Tag Archives: Unionbusting

Why Teachers Should Care About the Contract: Aram Mendoza

1 Feb

This is a recent article from our newest newsletter analyzing the OEA contract struggle.  We post it here so you can access the citations and hyperlinks.  Here, Aram Mendoza analyzes the current contract negotiations of OEA and its importance for Oakland teachers and, more widely, the needs of Oakland students.  Aram also raises some very concrete tactics and next steps for individual teachers and teachers as a whole.

CTU FairContractNow

A Chicago teacher on strike last fall.

Why Teachers Should Care About the Contract

By Aram Mendoza

Oakland teachers, do we care about having a union?
Do we care about having a good contract?
What is an imposition and what should teachers do about it?

These are not rhetorical questions.

The reality is that we have been under an imposed “contract” since 2010.  What does this mean?  Simply put: Tony Smith and the OUSD school board have unilaterally, dictatorially, and undemocratically imposed terms of work upon education workers.  It means that the “last, best, and final” offer was put on the table by the OUSD district bargaining team and was NOT agreed to by the OEA bargaining team. Though this imposition was carried out in April of 2010 (which was why OEA’s last strike was in that same month), it was not the last time that Smith and the Board have imposed on education workers: last year’s “Accelerated TSA” campaign was imposed on Fremont, McClymonds, and Castlemont teachers without any public, democratic process.  More on this later.

Back to our current contract situation – we must ask: does our contract really matter?  As I’ve talked to co-workers and friends who are teachers in Oakland’s public schools I’ve come to see the total lack of information that we have in relation to our own contractual agreement with the district.

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New York City School Bus Drivers’ Strike: An Injury to One Is an Injury to All

24 Jan

As the privatization agenda moves forward and attacks teachers and students it’s sometimes forgotten how school support workers are affected.  At least in Oakland, custodial workers have gone years without a raise and numerous positions have been outsourced.  A key and often overlooked outsourced position is afterschool workers.  Increasingly they have been expected to shoulder more teaching–without any of the benefits and protections of teachers–as teachers have been cut and overburdened.  All this points to a basic tenet of labor: “An injury to one is an injury to all.”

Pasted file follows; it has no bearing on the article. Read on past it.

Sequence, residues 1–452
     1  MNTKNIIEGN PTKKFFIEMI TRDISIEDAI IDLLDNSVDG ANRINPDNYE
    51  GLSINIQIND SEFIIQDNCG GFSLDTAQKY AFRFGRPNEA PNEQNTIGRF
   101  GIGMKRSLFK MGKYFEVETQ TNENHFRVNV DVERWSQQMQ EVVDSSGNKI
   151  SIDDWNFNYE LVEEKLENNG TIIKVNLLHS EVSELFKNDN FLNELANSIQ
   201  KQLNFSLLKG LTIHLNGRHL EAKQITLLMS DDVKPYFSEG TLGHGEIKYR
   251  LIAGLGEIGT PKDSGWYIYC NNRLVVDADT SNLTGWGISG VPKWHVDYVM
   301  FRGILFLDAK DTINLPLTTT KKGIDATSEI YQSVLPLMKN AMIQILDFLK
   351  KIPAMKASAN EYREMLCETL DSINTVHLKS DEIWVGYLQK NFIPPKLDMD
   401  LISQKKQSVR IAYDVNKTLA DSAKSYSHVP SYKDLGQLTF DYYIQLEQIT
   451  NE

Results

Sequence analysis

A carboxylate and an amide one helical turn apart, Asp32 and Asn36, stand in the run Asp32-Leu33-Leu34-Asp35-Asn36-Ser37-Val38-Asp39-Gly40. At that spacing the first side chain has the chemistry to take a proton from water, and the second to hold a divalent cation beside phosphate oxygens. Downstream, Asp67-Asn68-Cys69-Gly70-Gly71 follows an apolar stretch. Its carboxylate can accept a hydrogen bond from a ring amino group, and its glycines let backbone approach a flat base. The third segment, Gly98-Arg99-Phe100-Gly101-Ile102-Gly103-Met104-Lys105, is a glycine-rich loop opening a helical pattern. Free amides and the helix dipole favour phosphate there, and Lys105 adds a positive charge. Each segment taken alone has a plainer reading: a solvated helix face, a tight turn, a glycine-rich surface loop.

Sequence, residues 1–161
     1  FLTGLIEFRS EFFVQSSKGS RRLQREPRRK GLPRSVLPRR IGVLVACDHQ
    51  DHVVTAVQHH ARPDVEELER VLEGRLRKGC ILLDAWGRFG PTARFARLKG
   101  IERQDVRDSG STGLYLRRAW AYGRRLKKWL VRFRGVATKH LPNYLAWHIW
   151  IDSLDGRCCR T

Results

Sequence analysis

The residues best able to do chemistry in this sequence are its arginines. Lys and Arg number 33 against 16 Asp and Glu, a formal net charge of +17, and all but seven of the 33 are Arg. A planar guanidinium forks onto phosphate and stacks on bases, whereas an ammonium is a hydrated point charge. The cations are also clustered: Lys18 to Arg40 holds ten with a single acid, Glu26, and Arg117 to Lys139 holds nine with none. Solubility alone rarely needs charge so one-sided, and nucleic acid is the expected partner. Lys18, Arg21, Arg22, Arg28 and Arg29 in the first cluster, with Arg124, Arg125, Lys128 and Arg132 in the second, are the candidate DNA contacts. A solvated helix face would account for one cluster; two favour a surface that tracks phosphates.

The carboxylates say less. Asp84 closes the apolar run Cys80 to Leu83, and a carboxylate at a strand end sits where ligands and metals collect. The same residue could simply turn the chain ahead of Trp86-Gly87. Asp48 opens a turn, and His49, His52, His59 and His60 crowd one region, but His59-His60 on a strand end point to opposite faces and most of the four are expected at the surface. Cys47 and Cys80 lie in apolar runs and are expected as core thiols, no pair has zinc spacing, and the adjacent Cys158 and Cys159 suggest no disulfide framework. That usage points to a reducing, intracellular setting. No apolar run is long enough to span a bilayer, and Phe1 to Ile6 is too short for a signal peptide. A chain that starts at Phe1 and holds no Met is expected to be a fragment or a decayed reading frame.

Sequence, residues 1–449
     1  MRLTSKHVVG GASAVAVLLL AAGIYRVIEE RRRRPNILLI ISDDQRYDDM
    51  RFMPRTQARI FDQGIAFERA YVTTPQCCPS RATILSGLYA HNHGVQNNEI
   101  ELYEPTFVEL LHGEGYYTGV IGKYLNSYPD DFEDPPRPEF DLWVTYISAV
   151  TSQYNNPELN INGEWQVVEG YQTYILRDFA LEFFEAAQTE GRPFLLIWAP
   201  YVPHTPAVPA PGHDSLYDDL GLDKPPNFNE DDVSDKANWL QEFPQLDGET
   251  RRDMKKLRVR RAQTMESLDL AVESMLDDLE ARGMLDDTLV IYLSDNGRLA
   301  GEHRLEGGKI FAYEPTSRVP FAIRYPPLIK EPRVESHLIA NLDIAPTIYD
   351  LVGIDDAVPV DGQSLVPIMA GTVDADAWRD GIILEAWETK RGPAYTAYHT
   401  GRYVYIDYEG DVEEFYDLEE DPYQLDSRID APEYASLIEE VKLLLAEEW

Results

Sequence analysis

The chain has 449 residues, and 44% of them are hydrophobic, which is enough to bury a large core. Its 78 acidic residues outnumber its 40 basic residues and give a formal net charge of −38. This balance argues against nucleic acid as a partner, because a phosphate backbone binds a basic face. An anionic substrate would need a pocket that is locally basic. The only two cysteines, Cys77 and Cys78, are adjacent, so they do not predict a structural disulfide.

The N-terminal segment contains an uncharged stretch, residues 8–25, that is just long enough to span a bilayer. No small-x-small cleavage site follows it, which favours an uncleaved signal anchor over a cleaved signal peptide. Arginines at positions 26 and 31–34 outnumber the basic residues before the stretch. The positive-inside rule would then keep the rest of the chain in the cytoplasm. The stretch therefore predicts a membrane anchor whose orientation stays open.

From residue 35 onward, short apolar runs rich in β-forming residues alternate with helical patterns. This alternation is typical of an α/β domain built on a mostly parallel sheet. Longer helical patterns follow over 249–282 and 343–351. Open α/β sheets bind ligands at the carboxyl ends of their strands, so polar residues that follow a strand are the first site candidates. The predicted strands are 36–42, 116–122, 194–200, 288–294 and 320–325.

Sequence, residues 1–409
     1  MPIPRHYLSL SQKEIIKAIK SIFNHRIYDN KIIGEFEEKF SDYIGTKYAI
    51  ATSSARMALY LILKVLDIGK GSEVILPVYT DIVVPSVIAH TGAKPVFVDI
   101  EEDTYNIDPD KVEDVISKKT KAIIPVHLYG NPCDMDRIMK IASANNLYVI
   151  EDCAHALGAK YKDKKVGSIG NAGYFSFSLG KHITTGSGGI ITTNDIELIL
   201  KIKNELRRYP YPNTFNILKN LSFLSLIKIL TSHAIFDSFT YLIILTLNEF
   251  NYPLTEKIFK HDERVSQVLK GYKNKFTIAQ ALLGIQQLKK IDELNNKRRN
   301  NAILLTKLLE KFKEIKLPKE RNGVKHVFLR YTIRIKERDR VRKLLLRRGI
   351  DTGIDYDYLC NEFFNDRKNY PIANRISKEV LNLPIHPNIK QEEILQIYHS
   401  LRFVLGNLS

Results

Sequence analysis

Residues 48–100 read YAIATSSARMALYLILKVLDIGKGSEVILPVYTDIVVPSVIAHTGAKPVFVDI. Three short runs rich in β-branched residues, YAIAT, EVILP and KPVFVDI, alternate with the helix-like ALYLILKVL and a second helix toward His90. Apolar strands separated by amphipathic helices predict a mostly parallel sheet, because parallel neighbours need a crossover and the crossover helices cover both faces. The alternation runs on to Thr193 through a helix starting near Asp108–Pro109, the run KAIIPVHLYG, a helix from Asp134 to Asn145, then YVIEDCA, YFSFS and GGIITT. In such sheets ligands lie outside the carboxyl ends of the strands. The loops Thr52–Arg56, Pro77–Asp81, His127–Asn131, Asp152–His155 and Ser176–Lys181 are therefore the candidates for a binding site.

In that vein, this article looks at the current New York City school bus drivers’ strike.  They have walked out to prevent their union from being busted as Mayor Bloomberg continues his offensive against school workers.  The strike is placed in this context of the larger attack on public education and its workers while pointing out the negative effects on students, particularly on special needs students and students who have lost their neighborhood schools to closures.  Clearly, there are overlaps for Oakland.

The original article can be found at: http://occupy.com/article/new-york-citys-bus-strike-critical-juncture.

School Bus Strike

 

New York City’s Bus Strike At Critical Juncture

Mon, 01/21/2013 – 14:10

By Peter Rugh

The wheels on New York City’s school buses aren’t going round in what’s becoming a familiar song these days in America: education workers resisting attempts to balance budgets on their backs at the expense of students learning.

The current school bus strike in the Big Apple is no exception.

Last week’s walkout follows a successful strike by the Chicago Teachers Union last year against layoffs and the knotting of pay to standardized test results. Before that, teachers were a leading force in the 2011 occupation of Wisconsin’s capitol building in opposition to legislation that stripped state employees of collective bargaining rights. The measure passed but large sections of it were later ruled unconstitutional. And those who slept on the marble floors of Madison laid the groundwork for what would become Occupy Wall Street and the Occupy movement, challenging austerity amidst the worst economic crisis since the depression.

It’s in this atmosphere of heightened class conflict that the union representing New York City drivers, attendants and mechanics – who are responsible for transporting over 150,000 students in the country’s largest school district – called a strike. New York’s billionaire Mayor Michael Bloomberg and his Schools Chancellor Denise Walcott are looking to nix employee protections that enable workers to keep their jobs when bus routes pass from one contractor to another.

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